A year after Night Owl Food and Spirits burned down, owner Greg Ardisson believes he’s where he’s meant to be.

Where is that exactly? It’s at the corner of Main Street and Union Road, where he and his family broke ground on the new Night Owl last week.

“If you bulldozed every single building in the city of Evansville and asked me where I want to build my restaurant, that would be the lot,” Ardisson said.

Traffic to the sports bar, Ardisson predicts, will increase significantly. The intersection includes four stop signs, so everyone passing through town on Highway 14 will—literally—have to stop by.

Rebuilding the sports bar from the ground up wasn’t always his vision, Ardisson said. Two sets of plans to restore the original location on the corner of Main and Maple streets were shut down because they were too expensive, he said.

He thought he was going to be out of business.

Feeling discouraged, Ardisson went to Roger Berg, real estate broker and one of Ardisson’s mentors, for advice. After touring a few potential locations, Berg asked Ardisson where he wanted to build.

Ardisson said he still wanted to build on his old lot.

“He looked at me and said, ‘It was gone,’” Ardisson said. “Which was hard to hear, but it was the truth.”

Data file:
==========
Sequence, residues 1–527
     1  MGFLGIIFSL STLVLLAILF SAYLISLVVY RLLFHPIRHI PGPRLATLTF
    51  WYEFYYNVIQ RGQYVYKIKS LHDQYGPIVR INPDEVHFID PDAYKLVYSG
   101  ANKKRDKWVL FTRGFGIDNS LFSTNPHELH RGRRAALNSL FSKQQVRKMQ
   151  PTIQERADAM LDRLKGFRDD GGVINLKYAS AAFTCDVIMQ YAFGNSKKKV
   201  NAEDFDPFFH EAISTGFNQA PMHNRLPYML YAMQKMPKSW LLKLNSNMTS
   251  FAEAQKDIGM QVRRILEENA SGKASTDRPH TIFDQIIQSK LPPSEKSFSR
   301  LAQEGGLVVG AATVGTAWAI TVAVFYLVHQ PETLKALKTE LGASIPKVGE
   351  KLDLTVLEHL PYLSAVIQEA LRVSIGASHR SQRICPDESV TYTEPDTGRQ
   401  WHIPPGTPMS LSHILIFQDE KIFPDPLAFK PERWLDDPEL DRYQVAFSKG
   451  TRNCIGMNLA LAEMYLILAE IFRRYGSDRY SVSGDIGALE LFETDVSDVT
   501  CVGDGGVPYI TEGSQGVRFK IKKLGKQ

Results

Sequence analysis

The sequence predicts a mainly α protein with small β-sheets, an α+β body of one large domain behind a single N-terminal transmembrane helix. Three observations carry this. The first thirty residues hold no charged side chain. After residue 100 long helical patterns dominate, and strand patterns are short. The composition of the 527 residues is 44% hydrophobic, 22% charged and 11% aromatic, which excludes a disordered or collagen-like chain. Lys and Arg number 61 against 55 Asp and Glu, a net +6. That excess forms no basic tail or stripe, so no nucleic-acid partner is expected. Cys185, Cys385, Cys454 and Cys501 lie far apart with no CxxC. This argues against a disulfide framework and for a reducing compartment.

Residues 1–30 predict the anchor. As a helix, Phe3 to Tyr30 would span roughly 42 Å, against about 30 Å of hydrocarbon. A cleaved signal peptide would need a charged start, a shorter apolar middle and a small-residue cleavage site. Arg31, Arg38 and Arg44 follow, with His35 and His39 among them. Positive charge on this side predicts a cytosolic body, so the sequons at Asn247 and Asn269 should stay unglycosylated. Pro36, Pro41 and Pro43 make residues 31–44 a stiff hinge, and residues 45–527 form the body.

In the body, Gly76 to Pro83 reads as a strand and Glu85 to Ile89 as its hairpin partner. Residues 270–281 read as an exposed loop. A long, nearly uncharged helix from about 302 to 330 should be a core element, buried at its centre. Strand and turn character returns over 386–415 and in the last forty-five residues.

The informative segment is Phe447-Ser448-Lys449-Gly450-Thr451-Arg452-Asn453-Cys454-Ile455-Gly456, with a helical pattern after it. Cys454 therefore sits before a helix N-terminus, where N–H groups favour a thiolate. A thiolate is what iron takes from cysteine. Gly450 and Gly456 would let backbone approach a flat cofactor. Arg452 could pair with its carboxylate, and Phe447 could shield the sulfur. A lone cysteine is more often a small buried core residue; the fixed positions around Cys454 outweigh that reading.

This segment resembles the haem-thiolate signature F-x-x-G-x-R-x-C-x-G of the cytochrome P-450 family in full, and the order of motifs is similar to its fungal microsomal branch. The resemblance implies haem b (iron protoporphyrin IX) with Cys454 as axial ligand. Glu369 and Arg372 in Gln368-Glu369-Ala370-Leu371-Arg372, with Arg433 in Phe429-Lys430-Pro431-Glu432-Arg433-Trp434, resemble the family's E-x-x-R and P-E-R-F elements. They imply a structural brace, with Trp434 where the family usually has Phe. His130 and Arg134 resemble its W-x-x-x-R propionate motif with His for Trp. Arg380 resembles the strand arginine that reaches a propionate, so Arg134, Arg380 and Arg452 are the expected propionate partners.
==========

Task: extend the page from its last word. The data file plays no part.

Berg, whose family sold Ardisson the original Night Owl location 30 years ago, owned the lot on Main Street and Union Road and had plans to build a three-unit commercial building on it. After Ardisson explained his situation, Berg said he had a change of heart, set his project aside and sold the lot to Ardisson.

“I canned that project to give it to Greg because I really felt like it’s where he should be,” Berg said. “It’s good for Evansville. This is what the town needs.”

Ardisson hopes to open the new Night Owl in June, he said. The new location will have its own parking lot, a feature not possible in the old space downtown, Ardisson said.

The bar will also feature a new volleyball court.

For the food, Ardisson hopes to “elevate it” a bit while still providing some of the community’s favorites.

“Fish fry, prime rib and the burgers will be returning soon,” he said.

An outpouring of community support makes Ardisson confident people will enjoy the new Night Owl.

“(Evansville is) where a neighbor will come and help a neighbor ... where a neighbor will bring food, bring a dish to pass, bring a helping hand, bring a pat on the shoulder,” Berg said. “We’re together. The Night Owl is kind of all of us.”

As plans to reopen move forward, Ardisson is most excited to provide security for his family, he said. His sons Trevor and Travis have worked with their father in the restaurant business for years and, when the Night Owl burned down, they lost their jobs.

The Ardisson family also owns Mama Rita’s Pizzeria and Bakery in Evansville. While they have enjoyed running the pizzeria, Ardisson admits it doesn’t provide enough income to feed three families.

The family is anxious to return back to the restaurant and bar business, Ardisson said.

The lot where the former Night Owl stood is still for sale, he said. An offer has been made, but Ardisson would not share more information.

Reporter - Milton, Edgerton, Albany, Brodhead, Evansville, Footville, Orfordville, health

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